Value of Senior Volunteers to U.S. Economy Estimated at $77 Billion

FOR IMMEDIATE RELEASE: 
May 16, 2016

Sixth annual Senior Corps Week – May 16-21 – recognizes RSVP, Foster Grandparent, and Senior Companion volunteers

WASHINGTON, D.C. – The Corporation for National and Community Service (CNCS), the federal agency that administers Senior Corps, will recognize the impact that Senior Corps volunteers have in communities across the country during the sixth annual Senior Corps Week, taking place May 16-21 during Older Americans Month.

Today, nearly 270,000 volunteers age 55+ are serving through Senior Corps’ three programs – Foster Grandparents, Senior Companions, and RSVP. For more than four decades, Senior Corps volunteers have used their lifetime of skills and experience to meet community needs.

As part of this year’s activities, new television PSAs will be launched highlighting the impact of Foster Grandparent volunteers across the country.  From administering the Senior Corps pledge to issuing proclamations, elected officials, community leaders, and organizations will honor Senior Corps volunteers at recognition events and service projects throughout the week.

This year will also mark the 45th anniversary of Senior Corps RSVP.  Created in 1971, the RSVP program marks 45 years of providing volunteers an opportunity to use their skills and experience to tutor and mentor disadvantaged and disabled youth, renovate homes, and respond to disasters.

“For generations, older Americans have made a powerful impact in their communities, and their service is more important now than ever,” said Wendy Spencer, CEO of the Corporation for National and Community Service. “With so many people in need, senior volunteers are making a difference in the lives of children, veterans, elderly, and disaster survivors. I salute the nearly 270,000 Senior Corps volunteers leading these efforts and thank them for their commitment to tackle pressing challenges in their communities.”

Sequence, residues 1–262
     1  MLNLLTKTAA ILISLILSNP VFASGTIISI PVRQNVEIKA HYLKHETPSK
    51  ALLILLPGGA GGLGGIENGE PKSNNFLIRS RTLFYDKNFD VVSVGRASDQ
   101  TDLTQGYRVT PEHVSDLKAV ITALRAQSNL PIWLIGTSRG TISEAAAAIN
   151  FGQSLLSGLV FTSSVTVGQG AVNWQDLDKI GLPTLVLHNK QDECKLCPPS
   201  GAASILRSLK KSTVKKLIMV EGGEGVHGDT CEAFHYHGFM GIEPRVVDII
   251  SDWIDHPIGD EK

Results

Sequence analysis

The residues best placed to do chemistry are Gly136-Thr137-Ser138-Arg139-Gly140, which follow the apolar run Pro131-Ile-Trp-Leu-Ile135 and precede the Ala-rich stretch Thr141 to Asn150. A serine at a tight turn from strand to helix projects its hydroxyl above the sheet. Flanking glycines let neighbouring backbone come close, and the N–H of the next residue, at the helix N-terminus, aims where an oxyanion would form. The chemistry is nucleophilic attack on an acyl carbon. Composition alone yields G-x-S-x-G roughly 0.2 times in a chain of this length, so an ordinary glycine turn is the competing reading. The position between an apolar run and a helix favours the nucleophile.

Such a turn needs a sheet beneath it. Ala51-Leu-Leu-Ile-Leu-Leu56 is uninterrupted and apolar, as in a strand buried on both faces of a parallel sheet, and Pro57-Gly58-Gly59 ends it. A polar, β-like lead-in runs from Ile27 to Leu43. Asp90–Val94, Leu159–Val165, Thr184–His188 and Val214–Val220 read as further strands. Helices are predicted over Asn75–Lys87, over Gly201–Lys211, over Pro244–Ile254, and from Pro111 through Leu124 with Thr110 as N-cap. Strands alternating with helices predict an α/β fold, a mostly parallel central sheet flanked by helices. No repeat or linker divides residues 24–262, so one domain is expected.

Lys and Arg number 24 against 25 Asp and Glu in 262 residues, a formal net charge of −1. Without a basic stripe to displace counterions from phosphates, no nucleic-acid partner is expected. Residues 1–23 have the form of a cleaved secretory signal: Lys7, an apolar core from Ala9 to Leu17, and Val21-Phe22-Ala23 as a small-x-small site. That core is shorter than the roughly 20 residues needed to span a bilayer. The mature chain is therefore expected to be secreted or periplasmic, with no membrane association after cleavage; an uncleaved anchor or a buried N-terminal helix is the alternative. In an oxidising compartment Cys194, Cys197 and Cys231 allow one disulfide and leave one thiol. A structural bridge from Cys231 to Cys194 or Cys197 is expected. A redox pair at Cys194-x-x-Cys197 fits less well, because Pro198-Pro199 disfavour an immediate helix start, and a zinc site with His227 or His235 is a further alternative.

According to the 2015 Volunteering and Civic Life in America research by CNCS, more than  21 million older adults – nearly a quarter of those 55 and older – contributed more than 3.3 billion hours of service in their communities. Based on the Independent Sector's estimate of the average value of a volunteer hour, the yearly economic benefit of this service to the nation is valued at $77 billion. The top-ranked volunteer activities for 55-plus volunteers were collecting and distributing food, fundraising, and providing professional or management assistance to nonprofits – demonstrating that boomers and other older volunteers are using their lifetime of skills and experience to meet community needs.

In addition to helping others, older volunteers are also helping themselves by living active, healthy lives through volunteering. A growing body of research points to mental and physical health benefits associated with volunteering, including lower mortality rates, increased strength and energy, decreased rates of depression, and fewer physical limitations.

With nearly one in every five Americans projected to be age 60 or older by 2030, a great opportunity exists to engage older Americans in service to meet critical community needs while contributing to longer, healthier lives.  For example, in March 107-year-old Foster Grandparent Virginia McLaurin received the President’s Volunteer Service Award for Lifetime Achievement for her two decades of service to schoolchildren in the nation’s capital.  Ms. McLaurin became an internet sensation after a video of her dancing with the President and Mrs. Obama went viral.